Q: Is there any indication that a smaller state or rogue nation might apply its own technology to bioweapons?

Patrick: When I went to Iraq on the U.N. inspection team, we found the Iraqis had first-rate equipment. They had good fermenters, they had beautiful centrifuges, they had the works. Then I read the UNSCOM technical reports and discovered their products were lousy. The concentration was low and it took too long to get any amount of material. For example, the Iraqis said that they could produce anthrax at a concentration of 1x10 million spores per millimeter after 40 hours of fermentation. Now, if they couldn't produce better material than they say they did, with the good equipment that they had, then something is wrong. They failed miserably at exploiting their process equipment. Of course, the Iraqis lied about everything else, so there is no reason to believe they didnt lie to mislead us about their agent products.

Q: I understand the Soviets produced their techniques and practices in a 25-volume set. Couldn't anyone use these books to duplicate their work?

Patrick: When youre in the fermentation business, as in any process-control business, you write standard operating procedures, which can show a neophyte how to produce the product. It is a little more complicated than that, because some subtleties dont appear in black and white. But certainly, the basis of the production technique is there.

Q: When you talk about Soviet BW, are we talking about research programs or are we talking about production?

Patrick: There is a thin line between research in a BW program and a production facility. For example, a terrorist who can infect two dozen chicken eggs and has the ability to process the chicken eggs properly can attack a building. But the same techniques that allow you to inoculate two dozen chicken eggs and harvest them can also be used to inoculate a million chicken eggs and you can infect very large areas with that. So once you have the basic structure down, it depends on how many eggs you can process. A million simply becomes a handling problem. The point is this: if we overlooked the massive program that they had, why is there any reason to believe that they would not hide another program of equal mass?

Lets look at Sverdlovsk. In 1979, in the city of Sverdlovsk, a military compound, there was a release of weapons-grade anthrax. Ken maintains that about 90 people died, but the number depends on whom you read. The area was downwind from the production facility. This is a one-hour lecture in and of itself. There are very interesting data that you can glean from that information on the behavior of BW aerosol.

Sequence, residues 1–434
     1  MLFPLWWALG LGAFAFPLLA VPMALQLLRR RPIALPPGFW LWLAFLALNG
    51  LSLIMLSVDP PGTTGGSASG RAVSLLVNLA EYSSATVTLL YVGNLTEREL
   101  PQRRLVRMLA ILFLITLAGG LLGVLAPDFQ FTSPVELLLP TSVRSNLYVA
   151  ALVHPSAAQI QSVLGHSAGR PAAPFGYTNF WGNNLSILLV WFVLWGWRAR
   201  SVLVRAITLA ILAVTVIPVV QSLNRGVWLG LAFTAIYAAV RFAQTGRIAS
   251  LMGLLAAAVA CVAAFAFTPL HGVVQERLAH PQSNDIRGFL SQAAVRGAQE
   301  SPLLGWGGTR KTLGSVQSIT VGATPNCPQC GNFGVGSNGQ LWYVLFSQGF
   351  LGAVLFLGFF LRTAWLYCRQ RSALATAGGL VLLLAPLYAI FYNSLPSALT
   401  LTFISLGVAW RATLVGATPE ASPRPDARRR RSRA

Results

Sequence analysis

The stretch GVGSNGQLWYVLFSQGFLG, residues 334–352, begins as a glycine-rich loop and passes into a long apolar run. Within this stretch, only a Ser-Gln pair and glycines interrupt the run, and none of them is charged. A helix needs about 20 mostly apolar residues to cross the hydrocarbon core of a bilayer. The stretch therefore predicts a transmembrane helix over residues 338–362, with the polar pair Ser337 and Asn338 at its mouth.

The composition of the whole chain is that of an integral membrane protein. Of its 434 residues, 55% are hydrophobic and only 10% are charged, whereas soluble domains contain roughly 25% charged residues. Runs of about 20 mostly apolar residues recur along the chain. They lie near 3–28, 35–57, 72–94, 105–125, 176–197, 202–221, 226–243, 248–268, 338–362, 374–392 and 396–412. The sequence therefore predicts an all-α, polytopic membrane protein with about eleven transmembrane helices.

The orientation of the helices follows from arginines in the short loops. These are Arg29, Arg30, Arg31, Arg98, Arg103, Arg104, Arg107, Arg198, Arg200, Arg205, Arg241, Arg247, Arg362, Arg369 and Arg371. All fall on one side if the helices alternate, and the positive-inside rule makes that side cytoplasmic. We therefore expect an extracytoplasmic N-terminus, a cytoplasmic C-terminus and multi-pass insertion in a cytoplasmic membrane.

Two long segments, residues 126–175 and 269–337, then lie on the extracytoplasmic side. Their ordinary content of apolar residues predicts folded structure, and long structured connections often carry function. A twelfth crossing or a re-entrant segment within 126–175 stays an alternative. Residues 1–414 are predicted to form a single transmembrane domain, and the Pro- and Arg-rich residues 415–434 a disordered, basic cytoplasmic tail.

Well, the Soviet Union denied that this was a release from a weapons plant. They said the infections and deaths were the result of contaminated meat being sold on the black market. And a lot of people in this country with good minds, good backgrounds, good education bought it, hook, line and sinker. But those of us in the BW program who had worked on anthrax, and knew how to develop it, said: No, this is an aerosol release of anthrax.

Q: If the Russians were loading ICBMs with biological agents in 1991, why do you think that our enemies today dont have the capability to deliver a threat by ICBMs?

Patrick: Right now, I dont see any country with ICBM capability delivering a weaponized agent to this country. Based on what I saw of the Iraqi program, they had good equipment, and I think their products are good in spite of the UNSCOM reports; but I didnt see any evidence of delivery systems and munitions that would be capable of efficiently delivering a BW weapon. Russia still has a lot of ICBMs armed and ready to go, and there is no reason why they couldnt put an agent back into them. But when I say current, I mean right now. And right now, the greatest threat of attack is someone coming in with the right agent.

Q: What do you think about a national inoculation program?

Patrick: I dont think that vaccines will ever be the answer. The anthrax vaccine has gotten all sorts of bad publicity, although as far as vaccines go, it is very innocuous; it is safe and effective. But when you get into agents such as tularemia, killed vaccines do not protect you, which means that you have to use a live, attenuated vaccine. If a woman is pregnant when she receives this attenuated vaccine, she is going to abort or have other problems. Our military is now 10% female and we had to change our policy regarding the delivery of live attenuated vaccines to young women of childbearing age because of this problem. And with any vaccine, I dont care how good it is, there will be a certain number of respondents with adverse reactions.

It seems to me that the way to protect against a BW attack may lie in some of the research being directed today toward immuno-modulators, which stimulate the immune system against not one organism but against all organisms. It is this immuno-modulator that, I think, has potential for protecting our population.

Q: What is the outlook for biological warfare?

Patrick: Well, the interesting point has been made that as we diminish our nuclear capabilities down to zero, then biological and chemical weapons come to the front very rapidly. And if an adversary beats us to the punch, then we dont do too well.